Over 264,763 rural consumers scattered across several regions of the country have been connected by the mobile phone company which has received 16bn/- in subsidy from UCSAF during the period as it targets to close the gap between urban and rural communication by end 2020.
This drastic growth in mobile connectivity has been boosted by Tigo’s ability to also deploy 3G, 4G and 4G+ network to the urban areas in the country. “We have been applying for tenders from UCSAF since 2012 and we will continue to do so, in the quest to ensure that rural areas have access to network connectivity,” said Tigo Head of Planning and Engineering, Emmanuel Mallya.
The subsidy move was adopted because telecommunication services would accelerate economic undertakings in rural areas where return on investment takes longer hence the need for the government to design UCSAF.
Through UCSAF, telcos have received subsidies to ease the rollout of their services to remote areas which would otherwise take very long time to attract companies’ investments. The subsidies have been provided to attract the operators to move to the areas which currently do not attract investment for poor return on investments.
Available data show that since 2013, Tigo has been able to connect residents across 111 wards, costing a whopping 17bn/- of which 16bn/- was subsidy from the government. “In UCSAF phase one, we connected 190,942 customers in 51 wards with 27 wards on 2G network technology and 24 wards on 2G and 3G network technologies,” Mallya said.
Under UCSAF’s phase two, Tigo connected some 57,543 customers, scattered across 60 wards with 41 wards connected to 2G network technology and 24 wards connected through 2G and 3G network technologies.
Mallya said the UCSAF project was a necessary innovation by the government because it has created an enabling environment for mobile network operators to extend services to marginalised rural populations.
“Tigo is committed to bridging the communication gap between urban and rural under-served Tanzanians before end of 2020 in order to foster social, educational and economic development. We take this opportunity to re-affirm our commitment to continuing to live up to our mission of providing digital lifestyle services to our customers across the country,” the Tigo Head of Planning and Engineering noted.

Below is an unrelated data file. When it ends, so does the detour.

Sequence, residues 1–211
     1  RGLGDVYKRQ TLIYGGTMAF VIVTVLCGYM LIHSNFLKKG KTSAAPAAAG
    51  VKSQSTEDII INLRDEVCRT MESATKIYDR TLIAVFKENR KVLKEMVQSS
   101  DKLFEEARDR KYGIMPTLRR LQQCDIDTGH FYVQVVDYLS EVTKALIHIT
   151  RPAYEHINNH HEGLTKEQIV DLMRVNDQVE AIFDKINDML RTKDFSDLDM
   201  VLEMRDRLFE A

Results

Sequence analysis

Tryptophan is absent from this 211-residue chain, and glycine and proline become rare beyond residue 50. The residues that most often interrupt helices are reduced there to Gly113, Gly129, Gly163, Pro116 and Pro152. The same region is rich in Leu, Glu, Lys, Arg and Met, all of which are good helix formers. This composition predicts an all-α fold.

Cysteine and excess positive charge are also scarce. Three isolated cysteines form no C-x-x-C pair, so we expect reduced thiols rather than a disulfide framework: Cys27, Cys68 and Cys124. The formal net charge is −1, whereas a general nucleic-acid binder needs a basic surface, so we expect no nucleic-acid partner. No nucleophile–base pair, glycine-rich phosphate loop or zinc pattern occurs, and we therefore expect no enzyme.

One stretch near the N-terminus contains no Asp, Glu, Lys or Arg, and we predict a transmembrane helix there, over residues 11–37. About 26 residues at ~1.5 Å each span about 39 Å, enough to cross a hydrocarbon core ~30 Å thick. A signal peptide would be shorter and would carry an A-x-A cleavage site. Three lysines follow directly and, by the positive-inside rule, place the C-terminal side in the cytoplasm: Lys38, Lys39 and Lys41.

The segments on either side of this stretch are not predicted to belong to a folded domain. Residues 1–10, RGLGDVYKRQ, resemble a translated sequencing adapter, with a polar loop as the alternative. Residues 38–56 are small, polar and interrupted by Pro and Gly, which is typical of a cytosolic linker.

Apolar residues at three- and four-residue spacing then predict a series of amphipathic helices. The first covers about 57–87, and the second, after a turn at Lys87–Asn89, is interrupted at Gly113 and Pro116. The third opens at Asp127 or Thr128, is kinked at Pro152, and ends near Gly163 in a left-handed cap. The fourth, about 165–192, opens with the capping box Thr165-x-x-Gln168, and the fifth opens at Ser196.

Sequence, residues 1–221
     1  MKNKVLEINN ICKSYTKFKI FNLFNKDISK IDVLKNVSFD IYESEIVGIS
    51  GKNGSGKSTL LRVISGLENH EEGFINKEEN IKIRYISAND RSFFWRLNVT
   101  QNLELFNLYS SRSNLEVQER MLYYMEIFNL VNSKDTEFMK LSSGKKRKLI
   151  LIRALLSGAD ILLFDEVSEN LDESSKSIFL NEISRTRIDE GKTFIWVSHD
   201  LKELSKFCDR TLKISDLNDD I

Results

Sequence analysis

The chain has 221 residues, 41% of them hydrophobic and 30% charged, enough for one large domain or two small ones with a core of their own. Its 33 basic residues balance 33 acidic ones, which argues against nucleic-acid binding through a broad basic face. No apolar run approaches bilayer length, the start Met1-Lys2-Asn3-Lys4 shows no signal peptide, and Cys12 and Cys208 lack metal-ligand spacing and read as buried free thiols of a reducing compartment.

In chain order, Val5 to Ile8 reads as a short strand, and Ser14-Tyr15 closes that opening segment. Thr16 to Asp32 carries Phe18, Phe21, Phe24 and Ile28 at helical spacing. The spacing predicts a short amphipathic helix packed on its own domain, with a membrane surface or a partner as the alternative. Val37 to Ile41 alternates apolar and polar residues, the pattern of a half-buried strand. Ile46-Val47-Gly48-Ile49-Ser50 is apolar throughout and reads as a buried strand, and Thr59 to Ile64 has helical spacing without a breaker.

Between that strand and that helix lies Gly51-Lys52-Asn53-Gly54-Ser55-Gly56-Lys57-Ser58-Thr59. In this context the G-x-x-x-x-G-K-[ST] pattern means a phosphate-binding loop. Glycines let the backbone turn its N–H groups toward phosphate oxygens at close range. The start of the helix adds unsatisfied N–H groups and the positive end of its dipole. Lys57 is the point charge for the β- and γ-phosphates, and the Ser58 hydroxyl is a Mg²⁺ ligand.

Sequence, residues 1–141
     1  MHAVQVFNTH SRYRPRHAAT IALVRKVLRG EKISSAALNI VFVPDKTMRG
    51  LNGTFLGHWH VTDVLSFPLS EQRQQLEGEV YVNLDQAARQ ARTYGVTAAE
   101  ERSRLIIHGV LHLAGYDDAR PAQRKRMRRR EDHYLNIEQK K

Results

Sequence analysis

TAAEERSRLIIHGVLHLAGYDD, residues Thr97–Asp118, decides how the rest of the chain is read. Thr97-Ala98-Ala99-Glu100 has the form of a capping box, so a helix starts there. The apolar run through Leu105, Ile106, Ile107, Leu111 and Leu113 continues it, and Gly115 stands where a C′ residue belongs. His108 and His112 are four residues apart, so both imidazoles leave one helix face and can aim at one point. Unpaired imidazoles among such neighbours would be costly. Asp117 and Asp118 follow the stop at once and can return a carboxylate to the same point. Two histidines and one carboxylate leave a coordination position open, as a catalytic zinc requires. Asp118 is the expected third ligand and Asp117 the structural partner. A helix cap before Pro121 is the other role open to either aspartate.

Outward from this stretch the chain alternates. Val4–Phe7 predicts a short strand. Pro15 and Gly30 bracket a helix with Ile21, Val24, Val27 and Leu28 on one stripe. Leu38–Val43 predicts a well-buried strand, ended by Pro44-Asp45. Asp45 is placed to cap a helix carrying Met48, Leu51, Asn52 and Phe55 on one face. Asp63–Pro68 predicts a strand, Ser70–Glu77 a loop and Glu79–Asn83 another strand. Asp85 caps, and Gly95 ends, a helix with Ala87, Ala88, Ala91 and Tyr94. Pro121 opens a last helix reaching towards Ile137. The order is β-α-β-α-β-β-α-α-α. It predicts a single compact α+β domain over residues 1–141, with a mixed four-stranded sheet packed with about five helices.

Tigo has invested heavily on network modernisation and optimization for the past five years to increase the coverage footprint and network capacity, according to the company’s boss. “Most importantly, the investment is meant to increase the quality of experience for customers using mobile broadband services,” said Tigo Managing Director, Simon Karikari.
Karikari said his company is optimistic that increased accessibility to mobile broadband will open rural communities to essential services such as e-health, e-education and e-government, thereby transforming the way people learn and do business.
“This will enable the entire country to experience a wide array of economic, educational and social advantages, speeding up development and the overall wellbeing of the communities,” the Tigo Tanzania CEO added.
Karikari’s arguments have been backed by UCSAF CEO, Engineer Peter Ulanga who said by 2018, the fund’s projects had benefited over 4.5 million people based in 2,500 villages which had been denied such services for decades since the mobile phone service revolution started.
“I commend Tigo and other mobile network operators for delivering on their tenders by ensuring that quality and reliable communication services are availed to consumers in rural areas,” Eng Ulanga said during a third phase contract signing ceremony end last year.